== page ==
More people are saving in stokvels but amounts saved are down

Stokvel money
Stokvel money
Image: Supplied

Despite trying economic times, savings clubs and stokvels continue to be popular with more people making use of them to set aside money for future expenses than four years ago.

The tough times are, however, evident in the reduction in amounts contributed by to stokvels by some higher-income households.

This is according to the latest Old Mutual Savings and Investment Monitor which was released this week showing that 61% of black households in South Africa are using these informal savings schemes, compared with 45% in 2014.

There is increasing membership across all income groups and ages, but the increase in stokvel membership is particularly marked among higher income households.

The vast majority of stokvel members (74%) describe their stokvel as a traditional rotating stokvel in which each member gets a turn to receive a lump sum from the contributions made at least once in the lifetime of the stokvel which is typically six months or a year, according to the monitor.

Only one in three stokvel members belong to an investment club, the survey found. Contributions to investment clubs usually take place monthly and the capital raised is used to fund an investment held over a longer period and which potentially earns members inflation-beating returns.

The average monthly (or equivalent) amount contributed to a stokvel or savings club is R711. However, the amounts contributed climb sharply as the household income increases. Households earning less than R6 000 a month contribute on average R372 each month while households earning R40 000 or more a month contribute on average R1 128 each month.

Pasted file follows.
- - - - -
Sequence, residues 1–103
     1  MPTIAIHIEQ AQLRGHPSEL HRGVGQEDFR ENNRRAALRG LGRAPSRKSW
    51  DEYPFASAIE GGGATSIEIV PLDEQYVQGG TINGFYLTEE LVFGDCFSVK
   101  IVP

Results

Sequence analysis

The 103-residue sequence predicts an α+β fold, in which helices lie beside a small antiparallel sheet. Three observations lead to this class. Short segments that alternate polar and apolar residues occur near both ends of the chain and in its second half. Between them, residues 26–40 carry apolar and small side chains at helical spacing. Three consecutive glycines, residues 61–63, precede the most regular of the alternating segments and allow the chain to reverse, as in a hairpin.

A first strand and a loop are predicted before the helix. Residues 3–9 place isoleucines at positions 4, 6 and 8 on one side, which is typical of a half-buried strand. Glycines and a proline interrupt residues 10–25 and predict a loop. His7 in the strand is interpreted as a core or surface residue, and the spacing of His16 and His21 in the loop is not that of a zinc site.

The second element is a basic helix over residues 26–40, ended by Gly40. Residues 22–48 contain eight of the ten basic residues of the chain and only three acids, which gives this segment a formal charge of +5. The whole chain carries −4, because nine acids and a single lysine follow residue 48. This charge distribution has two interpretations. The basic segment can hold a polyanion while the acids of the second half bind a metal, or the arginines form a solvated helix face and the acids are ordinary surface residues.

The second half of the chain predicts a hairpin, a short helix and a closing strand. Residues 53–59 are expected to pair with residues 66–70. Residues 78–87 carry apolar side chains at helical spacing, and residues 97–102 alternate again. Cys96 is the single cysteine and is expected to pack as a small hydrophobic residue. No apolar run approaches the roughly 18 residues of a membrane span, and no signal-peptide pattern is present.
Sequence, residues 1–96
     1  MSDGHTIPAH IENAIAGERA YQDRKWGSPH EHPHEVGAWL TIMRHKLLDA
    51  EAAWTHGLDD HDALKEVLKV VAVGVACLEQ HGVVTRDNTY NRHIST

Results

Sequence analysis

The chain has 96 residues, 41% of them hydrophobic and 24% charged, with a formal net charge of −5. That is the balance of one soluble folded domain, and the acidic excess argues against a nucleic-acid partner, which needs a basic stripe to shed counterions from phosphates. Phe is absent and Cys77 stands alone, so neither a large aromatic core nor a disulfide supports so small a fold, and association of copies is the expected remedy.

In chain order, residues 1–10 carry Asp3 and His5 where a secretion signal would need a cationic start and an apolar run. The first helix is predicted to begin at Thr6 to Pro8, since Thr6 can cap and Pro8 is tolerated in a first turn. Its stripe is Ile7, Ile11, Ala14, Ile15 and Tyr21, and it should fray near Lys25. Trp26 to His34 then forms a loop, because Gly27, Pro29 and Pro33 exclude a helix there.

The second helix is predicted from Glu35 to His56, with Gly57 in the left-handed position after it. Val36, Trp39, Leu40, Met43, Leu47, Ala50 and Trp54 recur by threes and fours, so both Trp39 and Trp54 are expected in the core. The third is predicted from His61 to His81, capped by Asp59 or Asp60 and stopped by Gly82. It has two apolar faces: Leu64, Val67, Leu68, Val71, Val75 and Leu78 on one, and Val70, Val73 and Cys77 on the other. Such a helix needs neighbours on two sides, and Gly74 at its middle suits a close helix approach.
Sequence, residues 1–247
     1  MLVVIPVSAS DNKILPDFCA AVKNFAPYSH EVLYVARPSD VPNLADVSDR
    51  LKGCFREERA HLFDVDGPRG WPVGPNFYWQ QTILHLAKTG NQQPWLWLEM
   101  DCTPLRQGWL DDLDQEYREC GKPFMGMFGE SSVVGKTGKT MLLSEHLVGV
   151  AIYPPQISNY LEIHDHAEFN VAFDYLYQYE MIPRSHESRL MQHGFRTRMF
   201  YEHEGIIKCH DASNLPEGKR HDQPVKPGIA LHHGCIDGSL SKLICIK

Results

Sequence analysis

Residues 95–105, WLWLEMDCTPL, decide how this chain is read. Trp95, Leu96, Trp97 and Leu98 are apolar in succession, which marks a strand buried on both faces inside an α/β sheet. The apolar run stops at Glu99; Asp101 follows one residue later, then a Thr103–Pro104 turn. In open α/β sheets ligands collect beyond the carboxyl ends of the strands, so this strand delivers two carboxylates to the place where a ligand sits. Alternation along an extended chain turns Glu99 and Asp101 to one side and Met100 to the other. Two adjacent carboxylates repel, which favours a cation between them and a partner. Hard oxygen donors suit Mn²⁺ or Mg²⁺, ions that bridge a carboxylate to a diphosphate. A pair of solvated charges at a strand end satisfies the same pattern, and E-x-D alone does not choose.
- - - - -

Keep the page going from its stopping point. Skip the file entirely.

An analysis of contributions to stokvels shows households with income below R6 000 increased their contribution to their stokvel by 12% from R339 per month to R372 per month but households earning R14 000 and upwards decreased their monthly contributions. The biggest decrease in the contributions (31%) was noted among households with an income of R40 000 plus a month – they dropped their contributions from R1 636 per month in 2017 to R1 128 per month this past year.

Old Mutual research manager Lynette Nicholson, says although the reasons for the decrease in contributions to stokvels among higher income earners was not part of the research, anecdotal information gathered showed that people are redirecting their money mainly towards the education of children either within the nuclear family or the wider family group.

Traditional stokvels typically deposit members’ money in bank savings accounts or the money is held in cash - one third of those surveyed said their stokvel kept their contributions in cash.

Contributions to stokvels aimed at helping their members save for groceries and possibly help them cope with rising food prices - have been on the rise since 2014. In that year, the average contribution was R226 a month. This year the average monthly contribution was R337 – an increase of almost 50% on the 2014 contribution amount.

The survey also found that that burial society membership dropped from 32% of the households surveyed to 25% over the past year, possibly as more people took out funeral parlour cover which showed an increase in use among households from 31% to 39% over the same period.

The survey also shows that the amounts contributed to burial societies are much lower than previous years and there has been a decrease in average contribution rates from R235 a month in 2016 to R183 a month this year.

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